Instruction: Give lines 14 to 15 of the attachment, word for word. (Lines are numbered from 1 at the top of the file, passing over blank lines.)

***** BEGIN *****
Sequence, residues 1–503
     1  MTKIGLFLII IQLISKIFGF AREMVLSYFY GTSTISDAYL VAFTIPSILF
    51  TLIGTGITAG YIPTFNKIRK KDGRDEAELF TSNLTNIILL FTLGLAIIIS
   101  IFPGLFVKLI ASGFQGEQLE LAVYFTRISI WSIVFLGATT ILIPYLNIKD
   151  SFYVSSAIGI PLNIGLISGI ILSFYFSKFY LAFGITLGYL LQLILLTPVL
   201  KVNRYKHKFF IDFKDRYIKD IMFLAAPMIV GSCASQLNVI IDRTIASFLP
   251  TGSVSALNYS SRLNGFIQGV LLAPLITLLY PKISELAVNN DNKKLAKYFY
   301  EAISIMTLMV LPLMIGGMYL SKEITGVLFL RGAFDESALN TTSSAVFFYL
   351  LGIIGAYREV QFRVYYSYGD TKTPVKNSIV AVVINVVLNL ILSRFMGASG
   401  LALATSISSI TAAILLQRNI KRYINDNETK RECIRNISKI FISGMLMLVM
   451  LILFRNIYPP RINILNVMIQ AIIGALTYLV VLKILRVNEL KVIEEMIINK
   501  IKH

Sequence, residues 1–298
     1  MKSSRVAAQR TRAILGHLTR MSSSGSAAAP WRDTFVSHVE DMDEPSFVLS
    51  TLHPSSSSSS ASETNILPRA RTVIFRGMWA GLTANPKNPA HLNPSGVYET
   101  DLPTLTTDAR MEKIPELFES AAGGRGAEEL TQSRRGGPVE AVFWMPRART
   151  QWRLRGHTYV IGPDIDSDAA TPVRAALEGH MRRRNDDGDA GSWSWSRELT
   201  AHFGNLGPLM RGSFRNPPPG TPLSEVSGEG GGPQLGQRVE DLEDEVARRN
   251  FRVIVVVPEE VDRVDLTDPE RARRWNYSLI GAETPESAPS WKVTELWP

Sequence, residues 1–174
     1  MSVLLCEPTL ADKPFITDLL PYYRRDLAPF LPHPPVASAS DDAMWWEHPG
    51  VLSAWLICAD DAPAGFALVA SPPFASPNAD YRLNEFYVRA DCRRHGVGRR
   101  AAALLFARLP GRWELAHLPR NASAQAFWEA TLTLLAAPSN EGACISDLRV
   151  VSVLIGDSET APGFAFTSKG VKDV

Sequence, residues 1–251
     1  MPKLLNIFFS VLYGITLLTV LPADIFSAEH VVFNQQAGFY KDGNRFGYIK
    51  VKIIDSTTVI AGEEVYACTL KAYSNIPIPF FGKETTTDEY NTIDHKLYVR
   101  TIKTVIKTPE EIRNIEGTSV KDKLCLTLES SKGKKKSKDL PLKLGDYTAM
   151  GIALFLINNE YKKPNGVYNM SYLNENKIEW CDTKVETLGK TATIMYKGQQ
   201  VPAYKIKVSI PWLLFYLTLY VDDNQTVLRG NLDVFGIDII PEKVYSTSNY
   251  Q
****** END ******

     1  MKSSRVAAQR TRAILGHLTR MSSSGSAAAP WRDTFVSHVE DMDEPSFVLS
    51  TLHPSSSSSS ASETNILPRA RTVIFRGMWA GLTANPKNPA HLNPSGVYET